1. Centers for Disease Control and Prevention. (2016, March 30). Trends in Current Cigarette Smoking Among High School Students and Adults, United States, 1965-2014. Retrieved from: https://www.cdc.gov/tobacco/data_statistics/tables/trends/cig_smoking/index.htm
2. U.S. Department of Health and Human Services. (2014). The Health Consequences of Smoking—50 Years of Progress: A Report of the Surgeon General. Retrieved from: https://www.surgeongeneral.gov/library/reports/50-years-of-progress/full-report.pdf
3. Centers for Disease Control and Prevention. (2018, February 20). Smoking & Tobacco Use: Fast Facts. Retrieved from: https://www.cdc.gov/tobacco/data_statistics/fact_sheets/fast_facts/index.htm#toll
4. Warner, Kenneth (2014). Tobacco Control Policies and Their Impacts. Annals of the American Thoracic Society. Vol 11, No 2, pp 227–230. Retrieved from: https://www.atsjournals.org/doi/abs/10.1513/AnnalsATS.201307-244PS
5. Healthy People 2020. (2018). Tobacco Use. Retrieved from: https://www.healthypeople.gov/2020/topics-objectives/topic/tobacco-use
6. US Public Health Service. (2016). E-cigarette use among youth and young adults. Retrieved from: https://e-cigarettes.surgeongeneral.gov/documents/2016_SGR_Exec_Summ_508.pdf
7. Thornburg, J.; Malloy, Q.; Cho, S.; Studabaker, W.; Lee, Y.O., Exhaled electronic cigarette emissions: what’s your secondhand exposure?. RTI Press Research Brief: 1-4, March 2015. Retrieved from: https://www.rti.org/rti-press-publication/exhaled-electronic-cigarette-emissions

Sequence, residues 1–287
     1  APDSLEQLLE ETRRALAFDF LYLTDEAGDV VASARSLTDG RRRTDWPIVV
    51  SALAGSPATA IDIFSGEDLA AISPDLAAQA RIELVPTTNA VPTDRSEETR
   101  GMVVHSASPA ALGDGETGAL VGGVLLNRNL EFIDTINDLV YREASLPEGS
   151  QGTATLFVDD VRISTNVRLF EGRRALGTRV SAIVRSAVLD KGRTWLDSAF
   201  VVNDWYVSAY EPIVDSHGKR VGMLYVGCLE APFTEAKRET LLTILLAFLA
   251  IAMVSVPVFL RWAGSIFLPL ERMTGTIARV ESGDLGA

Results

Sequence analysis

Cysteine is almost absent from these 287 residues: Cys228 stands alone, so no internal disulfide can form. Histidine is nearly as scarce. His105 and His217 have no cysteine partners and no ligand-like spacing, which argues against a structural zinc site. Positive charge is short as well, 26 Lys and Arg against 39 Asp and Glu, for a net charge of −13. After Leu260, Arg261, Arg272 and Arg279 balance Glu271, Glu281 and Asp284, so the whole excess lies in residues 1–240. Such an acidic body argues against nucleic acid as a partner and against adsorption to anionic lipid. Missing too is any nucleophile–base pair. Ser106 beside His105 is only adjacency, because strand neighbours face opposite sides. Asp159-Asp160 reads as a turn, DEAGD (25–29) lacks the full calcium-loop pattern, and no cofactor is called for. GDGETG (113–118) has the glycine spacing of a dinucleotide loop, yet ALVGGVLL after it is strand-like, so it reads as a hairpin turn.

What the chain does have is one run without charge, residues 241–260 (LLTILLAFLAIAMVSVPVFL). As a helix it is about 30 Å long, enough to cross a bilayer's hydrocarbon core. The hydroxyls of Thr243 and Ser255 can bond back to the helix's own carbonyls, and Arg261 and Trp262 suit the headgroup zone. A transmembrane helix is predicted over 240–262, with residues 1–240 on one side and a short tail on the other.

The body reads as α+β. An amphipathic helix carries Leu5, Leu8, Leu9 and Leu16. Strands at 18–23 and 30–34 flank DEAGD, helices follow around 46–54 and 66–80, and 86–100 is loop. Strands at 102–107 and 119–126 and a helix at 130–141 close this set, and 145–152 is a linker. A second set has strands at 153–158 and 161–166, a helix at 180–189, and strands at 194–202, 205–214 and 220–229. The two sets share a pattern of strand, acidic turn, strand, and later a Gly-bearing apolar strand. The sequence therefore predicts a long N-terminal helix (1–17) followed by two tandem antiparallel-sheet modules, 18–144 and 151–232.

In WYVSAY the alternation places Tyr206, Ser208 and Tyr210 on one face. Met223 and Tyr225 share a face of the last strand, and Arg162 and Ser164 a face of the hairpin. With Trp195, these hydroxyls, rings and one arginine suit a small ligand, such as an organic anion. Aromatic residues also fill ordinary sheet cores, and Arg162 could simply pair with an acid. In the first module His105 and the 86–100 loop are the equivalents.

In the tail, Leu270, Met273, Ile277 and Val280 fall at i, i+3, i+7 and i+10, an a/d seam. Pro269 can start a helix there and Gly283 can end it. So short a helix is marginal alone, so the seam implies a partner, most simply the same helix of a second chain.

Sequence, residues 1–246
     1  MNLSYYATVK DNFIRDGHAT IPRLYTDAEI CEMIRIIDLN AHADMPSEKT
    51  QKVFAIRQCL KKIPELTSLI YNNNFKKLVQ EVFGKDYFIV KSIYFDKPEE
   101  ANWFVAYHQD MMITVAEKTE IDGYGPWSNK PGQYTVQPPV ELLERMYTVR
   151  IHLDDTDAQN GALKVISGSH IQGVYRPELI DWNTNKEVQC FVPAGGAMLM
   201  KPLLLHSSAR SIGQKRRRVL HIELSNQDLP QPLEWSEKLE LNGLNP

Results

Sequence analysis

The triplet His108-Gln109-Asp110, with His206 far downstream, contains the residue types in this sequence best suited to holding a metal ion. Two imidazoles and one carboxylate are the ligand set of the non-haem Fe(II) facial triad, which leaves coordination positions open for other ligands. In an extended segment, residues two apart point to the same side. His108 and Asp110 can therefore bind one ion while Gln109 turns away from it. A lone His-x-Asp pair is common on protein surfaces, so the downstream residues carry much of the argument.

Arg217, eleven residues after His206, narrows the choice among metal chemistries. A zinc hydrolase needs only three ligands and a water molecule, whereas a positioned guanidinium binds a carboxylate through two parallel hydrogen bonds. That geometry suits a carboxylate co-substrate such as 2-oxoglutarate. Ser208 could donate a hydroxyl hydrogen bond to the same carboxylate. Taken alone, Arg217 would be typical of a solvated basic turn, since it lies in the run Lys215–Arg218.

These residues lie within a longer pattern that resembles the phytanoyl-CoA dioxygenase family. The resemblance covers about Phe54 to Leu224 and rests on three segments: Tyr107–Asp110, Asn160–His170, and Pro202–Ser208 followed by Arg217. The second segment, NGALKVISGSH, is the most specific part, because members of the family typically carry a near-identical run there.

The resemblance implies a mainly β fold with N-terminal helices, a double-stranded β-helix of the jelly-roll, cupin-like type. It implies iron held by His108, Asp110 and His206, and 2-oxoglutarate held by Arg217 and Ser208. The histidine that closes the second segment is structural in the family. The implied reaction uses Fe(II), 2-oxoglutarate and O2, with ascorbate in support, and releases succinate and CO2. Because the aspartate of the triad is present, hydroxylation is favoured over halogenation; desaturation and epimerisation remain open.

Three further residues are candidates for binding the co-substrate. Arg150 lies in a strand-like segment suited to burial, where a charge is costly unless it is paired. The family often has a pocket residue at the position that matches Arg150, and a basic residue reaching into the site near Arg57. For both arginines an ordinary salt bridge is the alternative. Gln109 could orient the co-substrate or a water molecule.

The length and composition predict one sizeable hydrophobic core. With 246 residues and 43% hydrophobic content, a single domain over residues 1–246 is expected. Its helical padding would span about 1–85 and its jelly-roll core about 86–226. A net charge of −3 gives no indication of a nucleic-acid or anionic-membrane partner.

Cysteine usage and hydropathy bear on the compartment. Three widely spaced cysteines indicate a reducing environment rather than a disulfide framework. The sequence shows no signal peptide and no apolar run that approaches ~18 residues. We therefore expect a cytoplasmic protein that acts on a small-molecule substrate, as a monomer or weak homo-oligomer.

8. Rubinstein, M., Delucchi, K., Benowitz, N., Ramo, D. (2018). Adolescent exposure to toxic volatile organic chemicals from e-cigarettes. Pediatrics, 141(4). Retrieved from: http://pediatrics.aappublications.org/content/pediatrics/early/2018/03/01/peds.2017-3557.full.pdf
9. Allen, J., Flanigan, S., LeBlanc, M., Vallarino, J., MacNaughton, P., Stewart, J., Christiani, D. (2016). Flavoring Chemicals in E-Cigarettes: Diacetyl, 2,3-Pentanedione, and Acetoin in a Sample of 51 Products, Including Fruit-, Candy-, and Cocktail-Flavored E-Cigarettes. Environ Health Perspective, 124(6):733-9. doi: 10.1289/ehp.1510185.
10. Centers for Disease Control and Prevention. (2018, May 4). Tobacco Industry Marketing. Retrieved from: https://www.cdc.gov/tobacco/data_statistics/fact_sheets/tobacco_industry/marketing/index.htm
11. Kolawole, O., Lorraine R., Pebbles F. (2015). Interventions to Reduce Tobacco-Related Health Disparities. Nicotine & Tobacco Research, 17(8):887–891. https://doi.org/10.1093/ntr/ntv096
12. Centers for Disease Control and Prevention. (2018). Retrieved from: http://www.countyhealthrankings.org/explore-health-rankings/what-and-why-we-rank/health-factors/health-behaviors/tobacco-use
13. Healthy Kids Colorado Survey. (2015). Tobacco Use Among Youth in Colorado. Retrieved from: https://www.colorado.gov/pacific/sites/default/files/PF_Youth_HKCS_Tobacco-Infographic-Digital.pdf
CDPHE BRFSS: Colorado Department of Public Health and Environment, Behavioral Risk Factor Surveillance Survey, Small Area Estimates: http://www.cohealthmaps.dphe.state.co.us/cdphe_community_level_estimates/
Colorado BRFSS: Colorado Department of Public Health and Environment, Behavioral Risk Factor Surveillance Survey: http://www.chd.dphe.state.co.us/cohid/
CDC BRFSS: Behavioral Risk Factor Surveillance Survey: https://www.cdc.gov/brfss/data_tools.htm
HKCS: Healthy Kids Colorado Survey: https://www.colorado.gov/pacific/cdphe/hkcs
YRBS: Youth Risk Behavior Surveillance System: https://www.cdc.gov/healthyyouth/data/yrbs/results.htm
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Published on July 17, 2018
Updated April 23, 2019